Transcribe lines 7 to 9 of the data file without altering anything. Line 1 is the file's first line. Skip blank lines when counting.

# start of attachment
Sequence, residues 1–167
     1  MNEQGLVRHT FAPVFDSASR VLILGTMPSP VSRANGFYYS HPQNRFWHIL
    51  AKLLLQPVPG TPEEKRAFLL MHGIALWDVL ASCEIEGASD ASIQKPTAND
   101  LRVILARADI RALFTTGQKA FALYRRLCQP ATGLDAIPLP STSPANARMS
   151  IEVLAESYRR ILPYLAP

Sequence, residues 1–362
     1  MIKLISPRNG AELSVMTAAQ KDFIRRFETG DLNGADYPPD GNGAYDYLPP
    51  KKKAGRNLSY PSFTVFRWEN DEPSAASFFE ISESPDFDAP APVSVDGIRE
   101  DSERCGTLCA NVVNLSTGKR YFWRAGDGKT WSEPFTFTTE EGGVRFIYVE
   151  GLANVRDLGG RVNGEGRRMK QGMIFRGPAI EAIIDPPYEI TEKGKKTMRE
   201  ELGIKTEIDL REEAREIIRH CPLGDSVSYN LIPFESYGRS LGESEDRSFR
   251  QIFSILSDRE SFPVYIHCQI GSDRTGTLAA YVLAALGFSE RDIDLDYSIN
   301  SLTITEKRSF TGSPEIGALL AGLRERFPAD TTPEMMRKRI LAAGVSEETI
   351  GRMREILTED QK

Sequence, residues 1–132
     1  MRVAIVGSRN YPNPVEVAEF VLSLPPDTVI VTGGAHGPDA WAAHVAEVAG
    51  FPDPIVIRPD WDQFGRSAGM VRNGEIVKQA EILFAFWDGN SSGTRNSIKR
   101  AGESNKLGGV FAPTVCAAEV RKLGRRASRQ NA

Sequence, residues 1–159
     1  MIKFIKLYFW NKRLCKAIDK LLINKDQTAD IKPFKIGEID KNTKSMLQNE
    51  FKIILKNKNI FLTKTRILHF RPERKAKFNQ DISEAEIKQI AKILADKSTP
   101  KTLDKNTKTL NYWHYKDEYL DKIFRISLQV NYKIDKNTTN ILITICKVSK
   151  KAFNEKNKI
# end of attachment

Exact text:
     1  MIKLISPRNG AELSVMTAAQ KDFIRRFETG DLNGADYPPD GNGAYDYLPP
    51  KKKAGRNLSY PSFTVFRWEN DEPSAASFFE ISESPDFDAP APVSVDGIRE
   101  DSERCGTLCA NVVNLSTGKR YFWRAGDGKT WSEPFTFTTE EGGVRFIYVE